Globalisation tripled India GDP but workers have been left out: Economist

[ad_1]


has tripled India’s GDP in a generation but workers in the country have been left out, eminent economist and Nobel laureate Eric Maskin said on Saturday while observing that the problem of increasing inequality may be harder to solve than the COVID-19 pandemic.


Addressing students of Ashoka University virtually, he mentioned that has brought overall prosperity in emerging economies and has increased wages and income inequality.





has tripled Indian GDP in a generation, an amazing accomplishment, ..but the workers of India have been left out,” Maskin, a professor of Economics and Mathematics at Harvard University, said.


Noting that the rise of inequality in so many developing countries is surprising, he said inequality cannot be solved by market forces.


“Yet, India will still be facing some huge challenges, challenges that may be even harder to solve than the pandemic….the problem of increasing income inequality,” he noted.


Maskin pointed out that even though the world has witnessed enormous economic growth in the last 25 years, the gap between haves and have-nots in developing countries has risen.


“People who support globalisation have predicted that globalisation will bring prosperity to emerging economies. And on that score, they have often been right.


“In India for example, GDP per capita, which is crude but common measure of prosperity, has grown in spectacular fashion since 2000, thanks to global market,” he said.


However, Maskin said according to its supporters, globalisation was also supposed to reduce income inequality.


“Yet in many such countries, wage inequality has actually increased. And once again, India is a leading example,” he said.


The eminent economist noted that eliminating poverty is closely connected to inequality and in developing countries, anti-poverty measures are often anti-inequality measures too.


“There is a well established correlation between inequality and social and political instability. In fact the rise of inequality in such countries as Brazil has led to great political polarisation and rise of authoritarianism,” he opined.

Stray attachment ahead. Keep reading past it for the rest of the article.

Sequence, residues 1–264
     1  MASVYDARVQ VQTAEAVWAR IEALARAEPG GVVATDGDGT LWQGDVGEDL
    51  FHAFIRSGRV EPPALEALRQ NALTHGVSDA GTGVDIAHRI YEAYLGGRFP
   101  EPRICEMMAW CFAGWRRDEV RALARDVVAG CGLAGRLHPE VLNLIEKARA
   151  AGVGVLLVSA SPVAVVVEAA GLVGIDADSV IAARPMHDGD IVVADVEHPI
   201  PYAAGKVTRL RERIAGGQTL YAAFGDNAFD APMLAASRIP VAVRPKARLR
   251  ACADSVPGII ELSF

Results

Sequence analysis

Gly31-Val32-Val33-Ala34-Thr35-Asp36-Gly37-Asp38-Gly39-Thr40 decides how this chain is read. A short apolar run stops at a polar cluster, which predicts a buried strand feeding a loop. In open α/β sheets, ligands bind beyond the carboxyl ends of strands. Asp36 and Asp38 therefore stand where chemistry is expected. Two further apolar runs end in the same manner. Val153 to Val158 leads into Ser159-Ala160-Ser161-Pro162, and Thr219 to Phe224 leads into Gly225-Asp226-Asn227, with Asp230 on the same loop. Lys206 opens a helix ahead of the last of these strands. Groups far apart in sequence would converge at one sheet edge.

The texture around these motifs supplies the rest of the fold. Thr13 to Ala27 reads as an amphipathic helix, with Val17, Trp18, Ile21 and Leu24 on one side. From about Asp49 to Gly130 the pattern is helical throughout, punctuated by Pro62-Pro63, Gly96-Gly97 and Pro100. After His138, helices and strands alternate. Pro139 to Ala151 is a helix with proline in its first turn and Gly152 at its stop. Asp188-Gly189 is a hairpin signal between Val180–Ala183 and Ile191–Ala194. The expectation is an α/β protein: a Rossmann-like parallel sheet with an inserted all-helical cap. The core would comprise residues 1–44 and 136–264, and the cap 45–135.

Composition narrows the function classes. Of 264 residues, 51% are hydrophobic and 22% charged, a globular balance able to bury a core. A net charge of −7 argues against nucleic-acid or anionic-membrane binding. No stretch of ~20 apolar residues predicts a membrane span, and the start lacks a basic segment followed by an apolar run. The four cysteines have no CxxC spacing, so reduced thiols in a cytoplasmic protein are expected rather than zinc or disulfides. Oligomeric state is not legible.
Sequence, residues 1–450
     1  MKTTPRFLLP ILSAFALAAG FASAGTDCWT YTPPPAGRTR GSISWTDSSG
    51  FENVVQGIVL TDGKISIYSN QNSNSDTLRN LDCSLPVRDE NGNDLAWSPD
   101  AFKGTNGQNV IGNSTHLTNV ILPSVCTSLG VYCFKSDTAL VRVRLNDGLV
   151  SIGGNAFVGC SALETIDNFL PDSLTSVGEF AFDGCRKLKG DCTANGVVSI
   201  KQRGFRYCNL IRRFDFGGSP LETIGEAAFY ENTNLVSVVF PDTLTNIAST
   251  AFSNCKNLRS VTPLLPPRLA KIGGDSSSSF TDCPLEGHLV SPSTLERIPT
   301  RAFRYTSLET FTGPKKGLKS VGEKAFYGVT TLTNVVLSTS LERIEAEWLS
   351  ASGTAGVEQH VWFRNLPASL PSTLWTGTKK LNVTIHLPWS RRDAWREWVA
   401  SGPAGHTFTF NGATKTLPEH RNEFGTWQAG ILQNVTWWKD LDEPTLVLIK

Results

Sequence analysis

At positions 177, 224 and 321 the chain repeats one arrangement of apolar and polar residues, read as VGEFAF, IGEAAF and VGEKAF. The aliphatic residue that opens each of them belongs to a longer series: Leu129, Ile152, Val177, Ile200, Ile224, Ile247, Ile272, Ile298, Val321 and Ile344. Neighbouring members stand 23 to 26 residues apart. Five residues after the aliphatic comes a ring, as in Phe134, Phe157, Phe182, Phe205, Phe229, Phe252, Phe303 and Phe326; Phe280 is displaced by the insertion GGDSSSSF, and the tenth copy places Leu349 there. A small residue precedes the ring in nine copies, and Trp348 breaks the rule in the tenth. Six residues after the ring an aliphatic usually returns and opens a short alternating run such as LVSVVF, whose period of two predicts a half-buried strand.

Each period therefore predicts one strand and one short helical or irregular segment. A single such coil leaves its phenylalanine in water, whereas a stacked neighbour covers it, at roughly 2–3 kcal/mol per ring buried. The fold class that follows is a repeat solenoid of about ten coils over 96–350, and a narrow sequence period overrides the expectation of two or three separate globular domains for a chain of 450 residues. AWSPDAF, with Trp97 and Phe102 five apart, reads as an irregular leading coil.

Maskin mentioned that fighting inequality should be an important policy priority for keeping the social and political fabric together.


He said the reasons for increasing globalisation include declining transport cost, falling trade tariffs, decreasing communication costs.


Noting that even though the theory of Comparative Advantage has been less successful in recent times, he said, “stopping globalisation seems to be counterproductive as it has brought overall prosperity in emerging economies.”

Maskin has made contributions to game theory, contract theory, social choice theory, political economy, and other areas of economics. In 2017, he was awarded the Nobel Memorial Prize in Economics (with L. Hurwicz and R. Myerson) for laying the foundations of mechanism design theory.

(Only the headline and picture of this report may have been reworked by the Business Standard staff; the rest of the content is auto-generated from a syndicated feed.)

Dear Reader,

Business Standard has always strived hard to provide up-to-date information and commentary on developments that are of interest to you and have wider political and economic implications for the country and the world. Your encouragement and constant feedback on how to improve our offering have only made our resolve and commitment to these ideals stronger. Even during these difficult times arising out of Covid-19, we continue to remain committed to keeping you informed and updated with credible news, authoritative views and incisive commentary on topical issues of relevance.

We, however, have a request.

As we battle the economic impact of the pandemic, we need your support even more, so that we can continue to offer you more quality content. Our subscription model has seen an encouraging response from many of you, who have subscribed to our online content. More subscription to our online content can only help us achieve the goals of offering you even better and more relevant content. We believe in free, fair and credible journalism. Your support through more subscriptions can help us practise the journalism to which we are committed.

Support quality journalism and subscribe to Business Standard.

Digital Editor



[ad_2]

Source link

Leave a Reply

Your email address will not be published. Required fields are marked *